Monday May 1, 2023

A small clip of a drone flyover of a river.

Over the last decade, rapid improvements in drone technology have led to the widespread use of these devices in many fields, including fisheries. From mapping riverbeds to monitoring salmon spawning, the potential applications of drones in fisheries research are diverse, and as these approaches are developed, FISHBIO’s FAA-certified drone pilots have been buzzing about with increasing frequency. As with any new technology, however, some trial and error is often necessary to develop novel applications for these flying machines. Most recently, our drone operators have been testing a new approach for evaluating the river flows necessary to allow passage for fish in coastal California watersheds.

The drone taking off to conduct its pre-planned flight pattern over the river.

Many coastal riverbeds are composed primarily of sand, and therefore their shape can change substantially from year to year. This means that monitoring river flow and depth relationships at a single riffle, or critically shallow area within a river, may not provide an accurate measurement of the overall river passage limitations. Therefore, by assessing flow-depth relationships across longer river reaches, scientists are able to characterize changes in riffles across seasons and years and create appropriate management strategies that provide suitable conditions for fish passage. However, obtaining this data through traditional field surveys is challenging, time-consuming, and can be costly. To speed things up, FISHBIO has piloted a methodology involving the use of a drone to create digital elevation models (DEMs) of the riverbed. These elevation data can then be incorporated into models that use hydrological equations to estimate water depth across various levels of flow within a river. To obtain these DEMs, FISHBIO biologists have conducted repeated drone surveys of river reaches before and after large flow events, and an analysis of the collected data was performed to evaluate the feasibility of using drone-derived models to estimate the minimum flows necessary to allow fish passage in the system.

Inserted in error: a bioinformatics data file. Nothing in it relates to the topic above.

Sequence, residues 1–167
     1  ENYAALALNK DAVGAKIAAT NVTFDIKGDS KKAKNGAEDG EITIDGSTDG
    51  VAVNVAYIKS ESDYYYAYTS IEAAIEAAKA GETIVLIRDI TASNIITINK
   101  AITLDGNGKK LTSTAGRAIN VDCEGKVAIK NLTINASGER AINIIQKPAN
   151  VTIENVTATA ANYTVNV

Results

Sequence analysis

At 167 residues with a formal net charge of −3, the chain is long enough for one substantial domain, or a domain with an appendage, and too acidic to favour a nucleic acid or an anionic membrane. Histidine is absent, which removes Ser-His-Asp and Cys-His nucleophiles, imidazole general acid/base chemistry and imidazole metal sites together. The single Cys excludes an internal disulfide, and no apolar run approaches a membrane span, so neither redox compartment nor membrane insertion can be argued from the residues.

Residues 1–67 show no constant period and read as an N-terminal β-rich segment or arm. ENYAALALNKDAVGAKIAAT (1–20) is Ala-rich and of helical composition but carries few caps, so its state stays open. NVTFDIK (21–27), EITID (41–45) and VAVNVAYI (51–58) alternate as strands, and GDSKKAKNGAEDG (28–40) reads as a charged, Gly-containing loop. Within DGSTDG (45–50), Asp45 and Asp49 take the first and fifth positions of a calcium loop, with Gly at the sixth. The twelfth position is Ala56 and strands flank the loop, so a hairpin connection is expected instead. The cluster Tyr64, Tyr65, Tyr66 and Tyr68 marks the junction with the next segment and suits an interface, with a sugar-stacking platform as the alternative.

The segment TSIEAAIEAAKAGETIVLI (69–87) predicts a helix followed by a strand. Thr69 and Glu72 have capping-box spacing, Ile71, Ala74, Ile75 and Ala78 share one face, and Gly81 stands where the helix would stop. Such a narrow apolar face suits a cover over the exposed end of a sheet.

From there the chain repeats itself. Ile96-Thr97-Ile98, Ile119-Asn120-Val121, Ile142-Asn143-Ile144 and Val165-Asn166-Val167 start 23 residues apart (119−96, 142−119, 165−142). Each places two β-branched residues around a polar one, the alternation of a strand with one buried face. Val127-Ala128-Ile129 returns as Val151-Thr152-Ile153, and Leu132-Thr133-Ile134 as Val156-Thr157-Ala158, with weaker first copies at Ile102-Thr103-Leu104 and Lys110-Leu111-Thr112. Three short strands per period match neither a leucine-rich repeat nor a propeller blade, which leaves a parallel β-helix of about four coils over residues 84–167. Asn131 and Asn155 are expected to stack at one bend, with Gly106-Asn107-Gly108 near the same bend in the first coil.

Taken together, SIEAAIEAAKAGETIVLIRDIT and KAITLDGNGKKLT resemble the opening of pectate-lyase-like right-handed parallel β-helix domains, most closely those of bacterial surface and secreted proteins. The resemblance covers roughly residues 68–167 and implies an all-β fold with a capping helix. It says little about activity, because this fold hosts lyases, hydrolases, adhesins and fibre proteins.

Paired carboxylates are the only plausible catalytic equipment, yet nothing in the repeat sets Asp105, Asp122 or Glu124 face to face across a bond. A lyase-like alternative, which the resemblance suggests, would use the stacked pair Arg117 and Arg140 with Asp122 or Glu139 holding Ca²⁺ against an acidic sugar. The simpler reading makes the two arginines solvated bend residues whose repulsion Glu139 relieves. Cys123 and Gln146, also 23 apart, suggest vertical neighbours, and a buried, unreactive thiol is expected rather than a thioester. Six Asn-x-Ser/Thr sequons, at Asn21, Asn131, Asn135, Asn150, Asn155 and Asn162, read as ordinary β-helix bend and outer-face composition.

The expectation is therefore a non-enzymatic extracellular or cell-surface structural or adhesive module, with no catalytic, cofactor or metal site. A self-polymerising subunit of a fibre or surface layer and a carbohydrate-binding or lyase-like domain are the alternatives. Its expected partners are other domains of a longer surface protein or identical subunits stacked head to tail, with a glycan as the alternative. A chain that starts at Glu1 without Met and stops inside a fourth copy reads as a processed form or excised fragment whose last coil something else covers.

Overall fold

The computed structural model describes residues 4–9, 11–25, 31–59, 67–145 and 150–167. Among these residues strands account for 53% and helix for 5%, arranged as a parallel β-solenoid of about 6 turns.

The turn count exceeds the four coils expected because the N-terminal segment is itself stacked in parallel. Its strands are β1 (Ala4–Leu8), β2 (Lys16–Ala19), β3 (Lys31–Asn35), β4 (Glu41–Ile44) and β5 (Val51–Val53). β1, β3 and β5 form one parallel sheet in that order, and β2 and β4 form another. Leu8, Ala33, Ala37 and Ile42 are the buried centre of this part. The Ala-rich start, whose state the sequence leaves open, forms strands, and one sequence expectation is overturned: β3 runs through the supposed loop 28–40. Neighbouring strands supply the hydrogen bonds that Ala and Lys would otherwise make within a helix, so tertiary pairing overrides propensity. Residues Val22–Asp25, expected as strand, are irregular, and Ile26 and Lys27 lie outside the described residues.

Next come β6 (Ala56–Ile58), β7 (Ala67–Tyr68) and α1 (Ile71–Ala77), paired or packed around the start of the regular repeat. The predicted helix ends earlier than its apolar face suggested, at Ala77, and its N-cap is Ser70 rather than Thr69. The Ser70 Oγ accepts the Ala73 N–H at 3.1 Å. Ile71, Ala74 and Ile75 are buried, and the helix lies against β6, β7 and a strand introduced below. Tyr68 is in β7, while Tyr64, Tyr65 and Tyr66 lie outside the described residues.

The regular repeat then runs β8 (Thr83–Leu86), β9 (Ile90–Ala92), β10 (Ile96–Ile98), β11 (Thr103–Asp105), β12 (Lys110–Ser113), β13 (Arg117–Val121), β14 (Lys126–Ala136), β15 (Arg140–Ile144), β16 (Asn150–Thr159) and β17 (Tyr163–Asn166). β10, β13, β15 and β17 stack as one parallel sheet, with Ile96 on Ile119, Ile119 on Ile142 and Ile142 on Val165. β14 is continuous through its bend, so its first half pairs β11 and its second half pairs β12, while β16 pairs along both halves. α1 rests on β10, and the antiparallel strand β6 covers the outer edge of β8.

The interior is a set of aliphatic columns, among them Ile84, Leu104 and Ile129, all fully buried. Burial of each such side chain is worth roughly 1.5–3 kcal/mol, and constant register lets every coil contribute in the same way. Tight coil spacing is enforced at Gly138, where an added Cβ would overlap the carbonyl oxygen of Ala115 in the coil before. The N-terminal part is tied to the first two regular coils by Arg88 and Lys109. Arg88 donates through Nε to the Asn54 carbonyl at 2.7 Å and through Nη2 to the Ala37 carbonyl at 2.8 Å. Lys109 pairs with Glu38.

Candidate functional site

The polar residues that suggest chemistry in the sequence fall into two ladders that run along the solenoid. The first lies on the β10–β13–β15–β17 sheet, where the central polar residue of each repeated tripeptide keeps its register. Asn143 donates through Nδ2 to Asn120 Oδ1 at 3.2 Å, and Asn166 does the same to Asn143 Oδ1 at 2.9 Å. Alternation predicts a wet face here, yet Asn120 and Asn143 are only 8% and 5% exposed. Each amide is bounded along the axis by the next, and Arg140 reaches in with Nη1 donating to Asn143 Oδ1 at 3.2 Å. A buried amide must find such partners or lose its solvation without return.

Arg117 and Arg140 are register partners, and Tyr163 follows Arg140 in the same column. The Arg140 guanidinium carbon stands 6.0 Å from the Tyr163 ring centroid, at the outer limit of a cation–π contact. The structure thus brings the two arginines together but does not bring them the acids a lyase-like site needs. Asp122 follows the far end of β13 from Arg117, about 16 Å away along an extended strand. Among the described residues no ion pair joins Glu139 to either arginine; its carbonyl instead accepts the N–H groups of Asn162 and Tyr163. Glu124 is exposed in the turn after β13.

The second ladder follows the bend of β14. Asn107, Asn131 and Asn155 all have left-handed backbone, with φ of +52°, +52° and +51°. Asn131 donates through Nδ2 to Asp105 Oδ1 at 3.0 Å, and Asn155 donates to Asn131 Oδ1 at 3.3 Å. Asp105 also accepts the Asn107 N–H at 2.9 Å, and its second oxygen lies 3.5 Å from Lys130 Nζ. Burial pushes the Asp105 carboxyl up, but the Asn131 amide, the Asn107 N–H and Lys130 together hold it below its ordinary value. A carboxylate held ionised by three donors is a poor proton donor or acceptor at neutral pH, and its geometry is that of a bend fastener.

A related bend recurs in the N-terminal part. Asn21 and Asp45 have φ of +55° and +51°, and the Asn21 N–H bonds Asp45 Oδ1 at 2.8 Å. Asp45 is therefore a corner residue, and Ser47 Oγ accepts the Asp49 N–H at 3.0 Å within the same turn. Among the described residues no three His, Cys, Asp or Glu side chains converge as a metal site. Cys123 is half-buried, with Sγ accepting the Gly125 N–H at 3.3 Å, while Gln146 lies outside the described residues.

Elevation map created by the drone.

The model was tested in multiple locations to explore the kinds of data that this drone-based methodology can provide, and how it might be improved. Following the initial data collection, FISHBIO scientists recognized the need for more precise measurements to estimate critical flow thresholds accurately. To improve the accuracy of the drone’s altitude measurements, a Trimble GPS system was used and surveys were done to incorporate Ground Control Points (GCPs). Following these improvements, model testing indicated that the methodology is very sensitive to model inputs, such as river channel elevation and slope, so collecting precise data from the field is necessary. When used strategically, drones can provide accurate and precise measurements to inform these model inputs.

FISHBIO biologists measuring river channel flow with the ADCP.

To validate the accuracy of the model and ground truth the outputs over a variety of flow levels, FISHBIO conducted field surveys at the same sites with an Acoustic Doppler Current Profiler (ADCP). So far, the model, when compared to the data collected by the ADCP, has shown good agreement with the field data, suggesting that the model is providing realistic estimates of depth at varying flows. Once the model outputs are confidently validated, drone surveys can be expanded to assess efficient fish passage across much larger spatial scales without the need for intensive field efforts on the ground. 

The potential value for drone photogrammetry to develop accurate flow-depth models is significant, and the collection and archiving of drone-created maps provide additional value for management. The dynamic nature of coastal California rivers combined with the high degree of human disturbance in some systems suggests that routine monitoring of the riverbed to verify previously identified critical riffles are still present – as well as to detect newly formed riffles – is warranted. Drones can rapidly and inexpensively produce high-resolution maps for key reaches of the river, allowing for comparison between seasons and years. New approaches for drone-based monitoring are still being discovered every day, and FISHBIO’s pilots are excited to be flying at the forefront of this new technology.

This post was featured in our weekly e-newsletter, the Fish Report. You can subscribe to the Fish Report here.

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